Moreover, the exact amount of the dividend for some of these ETF's may not be clear. It's sometimes hard to determine if the extrinsic value is high enough that the call is unlikely to be exercised just to collect the dividend. The risk of assignment rises on ex-dividend day, when those holding in-the-money long calls exercise them so that they can hold the stock and collect the dividend. With some of the ETF's, you aren't entirely sure if that's likely to happen, even if you do remember the ex-dividend date, which I hope you do after having read this!

So, I found myself short 200 shares of the SPY one fine morning during an option-expiration week. I also held long SPY options. After talking over my choices with my broker, I exercised those long SPY options. This wasn't a choice I would have wanted to make if there had been a lot of extrinsic or time value left in those long options. Net-net, after I exercised my own long calls, I held 0 shares of the SPY. Unfortunately, I had incurred transaction costs and I owed someone dividends on 200 shares of stock. Worse, I was a day late to collect those dividends on the calls I exercised.

But it wasn't a disaster.

There are of course risks for both the person who has sold a call or put that might be exercised and even for the person who elects to exercise a long call or put. The person who wrote the "Ask the Institute" expert incurred costs for buying and selling the stock. The person holding the long call and exercising it expected to sell the received stock for a profit, resulting in the net proceeds being delivered to that person's account. However, it's possible that the stock could have gapped down the morning after that person had chosen to exercise the stock, resulting in a loss rather than a gain from the transaction. Whether that is likely or not depends on many factors, including event risk and other factors.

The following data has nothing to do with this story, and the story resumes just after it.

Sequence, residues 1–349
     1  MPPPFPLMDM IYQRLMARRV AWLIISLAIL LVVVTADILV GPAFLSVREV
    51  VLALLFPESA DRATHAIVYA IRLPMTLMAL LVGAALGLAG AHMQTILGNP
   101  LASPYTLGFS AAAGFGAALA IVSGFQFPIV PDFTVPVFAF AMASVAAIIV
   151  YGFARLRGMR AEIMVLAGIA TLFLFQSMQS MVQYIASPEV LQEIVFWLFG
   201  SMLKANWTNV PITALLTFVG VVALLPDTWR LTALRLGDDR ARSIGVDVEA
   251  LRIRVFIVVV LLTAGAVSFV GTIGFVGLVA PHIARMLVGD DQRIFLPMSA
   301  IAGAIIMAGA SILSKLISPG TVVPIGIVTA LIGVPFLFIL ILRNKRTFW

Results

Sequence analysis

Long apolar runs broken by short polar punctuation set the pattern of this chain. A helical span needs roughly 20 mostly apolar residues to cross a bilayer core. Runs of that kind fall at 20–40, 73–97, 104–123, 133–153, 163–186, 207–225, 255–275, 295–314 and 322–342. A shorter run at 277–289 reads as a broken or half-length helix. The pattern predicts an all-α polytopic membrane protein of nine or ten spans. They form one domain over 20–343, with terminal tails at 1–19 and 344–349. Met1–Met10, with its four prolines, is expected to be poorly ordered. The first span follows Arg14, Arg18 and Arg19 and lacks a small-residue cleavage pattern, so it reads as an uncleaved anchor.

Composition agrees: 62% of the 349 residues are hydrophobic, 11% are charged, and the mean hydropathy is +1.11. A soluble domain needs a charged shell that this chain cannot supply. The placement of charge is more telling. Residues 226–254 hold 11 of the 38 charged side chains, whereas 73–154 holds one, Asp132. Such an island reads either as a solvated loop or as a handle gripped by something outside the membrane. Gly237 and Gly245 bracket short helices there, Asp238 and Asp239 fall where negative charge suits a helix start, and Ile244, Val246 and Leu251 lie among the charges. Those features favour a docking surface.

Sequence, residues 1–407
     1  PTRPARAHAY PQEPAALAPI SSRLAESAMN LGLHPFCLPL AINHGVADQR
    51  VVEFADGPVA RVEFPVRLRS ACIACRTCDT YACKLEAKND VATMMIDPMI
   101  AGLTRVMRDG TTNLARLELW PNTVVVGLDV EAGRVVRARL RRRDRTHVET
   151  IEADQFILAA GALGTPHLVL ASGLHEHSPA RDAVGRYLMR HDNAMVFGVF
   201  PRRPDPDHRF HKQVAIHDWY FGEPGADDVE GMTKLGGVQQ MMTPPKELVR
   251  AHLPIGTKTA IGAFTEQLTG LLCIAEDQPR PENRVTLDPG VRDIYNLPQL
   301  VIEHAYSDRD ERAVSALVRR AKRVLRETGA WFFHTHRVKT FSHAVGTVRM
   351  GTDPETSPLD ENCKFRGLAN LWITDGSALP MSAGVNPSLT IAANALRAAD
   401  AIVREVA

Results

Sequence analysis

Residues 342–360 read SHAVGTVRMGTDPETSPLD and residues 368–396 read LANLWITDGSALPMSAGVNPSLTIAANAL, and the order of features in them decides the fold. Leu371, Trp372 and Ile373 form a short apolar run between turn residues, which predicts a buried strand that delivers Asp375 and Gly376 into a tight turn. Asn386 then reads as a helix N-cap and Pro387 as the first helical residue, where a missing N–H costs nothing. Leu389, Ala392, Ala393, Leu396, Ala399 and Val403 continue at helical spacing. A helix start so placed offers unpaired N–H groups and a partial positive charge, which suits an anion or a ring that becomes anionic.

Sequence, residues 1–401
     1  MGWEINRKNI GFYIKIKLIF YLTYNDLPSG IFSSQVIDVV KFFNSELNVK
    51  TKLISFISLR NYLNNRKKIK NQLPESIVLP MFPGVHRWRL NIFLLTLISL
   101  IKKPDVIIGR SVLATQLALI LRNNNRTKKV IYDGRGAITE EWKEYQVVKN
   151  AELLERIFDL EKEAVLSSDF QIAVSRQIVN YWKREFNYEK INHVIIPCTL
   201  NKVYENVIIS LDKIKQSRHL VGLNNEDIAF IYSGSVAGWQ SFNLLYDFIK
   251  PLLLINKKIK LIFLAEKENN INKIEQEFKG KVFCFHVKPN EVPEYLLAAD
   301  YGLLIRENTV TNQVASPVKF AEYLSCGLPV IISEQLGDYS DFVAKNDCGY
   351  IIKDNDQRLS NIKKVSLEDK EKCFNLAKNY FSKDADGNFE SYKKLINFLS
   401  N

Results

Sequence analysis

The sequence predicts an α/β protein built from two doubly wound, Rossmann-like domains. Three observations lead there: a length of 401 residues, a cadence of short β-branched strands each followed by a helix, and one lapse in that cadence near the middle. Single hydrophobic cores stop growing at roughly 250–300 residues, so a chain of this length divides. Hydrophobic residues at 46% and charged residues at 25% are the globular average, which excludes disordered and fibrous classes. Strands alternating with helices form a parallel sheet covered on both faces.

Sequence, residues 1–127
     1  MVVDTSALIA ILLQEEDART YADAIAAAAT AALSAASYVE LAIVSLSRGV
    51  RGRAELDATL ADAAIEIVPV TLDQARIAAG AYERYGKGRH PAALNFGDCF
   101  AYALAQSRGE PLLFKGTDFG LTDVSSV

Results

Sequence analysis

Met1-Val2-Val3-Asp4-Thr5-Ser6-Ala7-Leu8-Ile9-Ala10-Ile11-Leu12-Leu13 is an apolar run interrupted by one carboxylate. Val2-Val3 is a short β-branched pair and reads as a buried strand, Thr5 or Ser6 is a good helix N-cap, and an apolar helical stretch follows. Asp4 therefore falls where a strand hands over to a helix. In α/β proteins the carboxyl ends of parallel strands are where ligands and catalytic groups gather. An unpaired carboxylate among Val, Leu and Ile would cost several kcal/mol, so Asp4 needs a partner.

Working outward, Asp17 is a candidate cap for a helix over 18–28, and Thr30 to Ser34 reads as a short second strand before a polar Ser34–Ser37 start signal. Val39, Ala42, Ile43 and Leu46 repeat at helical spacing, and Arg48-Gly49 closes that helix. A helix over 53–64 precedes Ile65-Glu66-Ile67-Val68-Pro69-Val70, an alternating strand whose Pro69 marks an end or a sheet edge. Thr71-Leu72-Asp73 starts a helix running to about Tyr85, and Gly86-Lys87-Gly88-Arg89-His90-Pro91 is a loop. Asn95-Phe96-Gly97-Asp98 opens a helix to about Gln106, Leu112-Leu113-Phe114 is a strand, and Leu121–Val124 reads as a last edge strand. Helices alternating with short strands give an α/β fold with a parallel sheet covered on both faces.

In certain strategies, such as selling puts on underlyings that the put seller hopes to own at a cheaper price, option traders might sell options hoping that they'll be exercised. The trader employing this strategy gets to keep the credit received when the put is sold. That person also purchases the stock at a lower price than that at which the underlying was originally trading, since the put chosen is usually one with a strike price below the current price at the time the put is sold. However, in many and perhaps most cases, it's likely that the option seller had no intention of letting that sold option be exercised.

Forgetfulness--as was true in my case--or poor trade management constitute the typical reasons that a call or put seller finds that the sold option has been exercised. Call or put sellers who have no intention of letting a sold option be exercised should be aware of whether the sold option is an American-style or European-style option. American-style options can be exercised at any time, so any option that has little extrinsic value is at risk of being exercised. European-style options, such as those on the cash-settled SPX, RUT and XEO, can be exercised only on the date of expiration.

Whatever the style of options, all call or put sellers should be particularly attentive on the last trading day of those options. Long call or put holders will find that their calls or puts are automatically exercised at expiration if stock options are at least $0.05 in the money or index options are $0.01 in the money. BrokersXpress notes that this Automatic Exercise procedure was instituted by the Options Clearing Corporation. It was intended to protect call or put buyers who simply forgot that they had in-the-money options.